“Everybody knows”: Phillips curve myth or reality in Norwegian macroeconomic policy and modelling
There is development in macroeconomics that everybody who have an interest in the field knows very well. It is that the Phillips curve was central for macroeconomic policy from the early 1960s until the 1980s. The curve’s trade-off between unemployment and inflation misled the (somewhat naïve) economists of the day to encourage policy makers to pursue inflationism. The role of expectations was not understood by economists before Phelps and Friedman revolutionized the field.
In his book from 2014, John Forder brings strong evidence showing that the curve of Phillips from 1957 was not original; That there was very little inflationism during the 1960s, and that the Phillips curve had in fact very little impact. Finally, the economists of the time were well aware of price expectations as well as of many other drivers of wage increases. At the end of the day, the standard Phillips curve story is much more of a myth than a truthful story about how the field developed in the course of a few post war decades.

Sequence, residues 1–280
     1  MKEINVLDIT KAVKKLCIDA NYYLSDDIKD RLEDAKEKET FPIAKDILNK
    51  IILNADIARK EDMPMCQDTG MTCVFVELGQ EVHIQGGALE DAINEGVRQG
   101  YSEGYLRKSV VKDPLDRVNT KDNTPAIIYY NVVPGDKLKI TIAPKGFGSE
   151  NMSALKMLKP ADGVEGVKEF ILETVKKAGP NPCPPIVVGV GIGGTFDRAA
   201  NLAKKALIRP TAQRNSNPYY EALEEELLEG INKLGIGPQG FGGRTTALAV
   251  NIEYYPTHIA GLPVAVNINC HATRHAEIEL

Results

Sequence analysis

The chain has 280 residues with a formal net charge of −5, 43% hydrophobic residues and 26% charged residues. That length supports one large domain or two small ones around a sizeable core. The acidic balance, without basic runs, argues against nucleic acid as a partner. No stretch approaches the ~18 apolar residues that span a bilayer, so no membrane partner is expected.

This short piece in the Norwegian journal Samfunnsøkonomen, adds a few perpectives from our part of the woods. Through main-course theory, Norwegian economists should have been well vaccinated against the Phillips curve. Nevertheless, there may be traces of trade-off thinking in the policies of the mid 1970s. The historians may want to look closer at this than they have had done so far. A modernized (vertical) Phillips curve edged its way to the center of policy thinking at the start of the new millennium. But that development was rationalized by the international Phillips curve myth itself, and in this lies some of the real importance of the myth